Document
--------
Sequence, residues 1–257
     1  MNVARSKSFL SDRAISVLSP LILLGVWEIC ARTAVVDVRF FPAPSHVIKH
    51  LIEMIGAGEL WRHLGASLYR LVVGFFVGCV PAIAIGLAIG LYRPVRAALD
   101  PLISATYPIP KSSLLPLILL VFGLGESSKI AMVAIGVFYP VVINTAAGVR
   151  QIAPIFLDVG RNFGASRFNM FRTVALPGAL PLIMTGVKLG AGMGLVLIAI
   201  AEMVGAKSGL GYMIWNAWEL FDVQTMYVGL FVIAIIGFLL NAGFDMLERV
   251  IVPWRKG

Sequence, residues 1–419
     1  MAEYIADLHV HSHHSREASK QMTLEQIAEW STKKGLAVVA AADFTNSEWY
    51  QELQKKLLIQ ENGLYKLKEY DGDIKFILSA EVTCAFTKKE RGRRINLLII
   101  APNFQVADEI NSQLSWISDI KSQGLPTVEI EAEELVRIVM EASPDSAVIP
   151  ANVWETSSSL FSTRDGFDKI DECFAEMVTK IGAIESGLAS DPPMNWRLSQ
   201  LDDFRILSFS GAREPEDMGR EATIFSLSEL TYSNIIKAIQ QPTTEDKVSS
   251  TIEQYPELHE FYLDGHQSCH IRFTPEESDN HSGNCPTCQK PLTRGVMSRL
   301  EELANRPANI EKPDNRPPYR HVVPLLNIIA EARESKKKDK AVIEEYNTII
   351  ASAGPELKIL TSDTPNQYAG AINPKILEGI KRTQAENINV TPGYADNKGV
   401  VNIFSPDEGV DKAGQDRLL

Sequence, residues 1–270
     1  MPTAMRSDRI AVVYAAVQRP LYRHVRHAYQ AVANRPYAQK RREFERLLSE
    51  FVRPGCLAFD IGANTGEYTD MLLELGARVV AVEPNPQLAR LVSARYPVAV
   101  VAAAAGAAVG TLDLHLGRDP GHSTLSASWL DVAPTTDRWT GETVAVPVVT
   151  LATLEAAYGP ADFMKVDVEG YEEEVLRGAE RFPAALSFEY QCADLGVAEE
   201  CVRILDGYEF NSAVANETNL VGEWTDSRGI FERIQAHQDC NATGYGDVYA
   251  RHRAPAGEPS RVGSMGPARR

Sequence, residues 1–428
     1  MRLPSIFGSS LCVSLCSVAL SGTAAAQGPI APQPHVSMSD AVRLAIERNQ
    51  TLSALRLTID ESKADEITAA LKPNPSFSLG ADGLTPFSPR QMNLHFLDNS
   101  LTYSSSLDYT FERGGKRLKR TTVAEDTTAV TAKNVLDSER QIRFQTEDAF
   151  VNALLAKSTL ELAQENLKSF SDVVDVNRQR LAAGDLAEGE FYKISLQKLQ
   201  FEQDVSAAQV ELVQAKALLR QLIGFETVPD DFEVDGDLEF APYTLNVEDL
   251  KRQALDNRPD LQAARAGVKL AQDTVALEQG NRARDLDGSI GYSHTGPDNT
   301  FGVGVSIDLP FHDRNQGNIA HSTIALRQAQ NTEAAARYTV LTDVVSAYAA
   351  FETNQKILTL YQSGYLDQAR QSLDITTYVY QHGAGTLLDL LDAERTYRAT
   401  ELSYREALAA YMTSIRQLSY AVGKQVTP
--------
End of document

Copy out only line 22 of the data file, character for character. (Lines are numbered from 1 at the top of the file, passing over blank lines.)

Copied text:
   151  LATLEAAYGP ADFMKVDVEG YEEEVLRGAE RFPAALSFEY QCADLGVAEE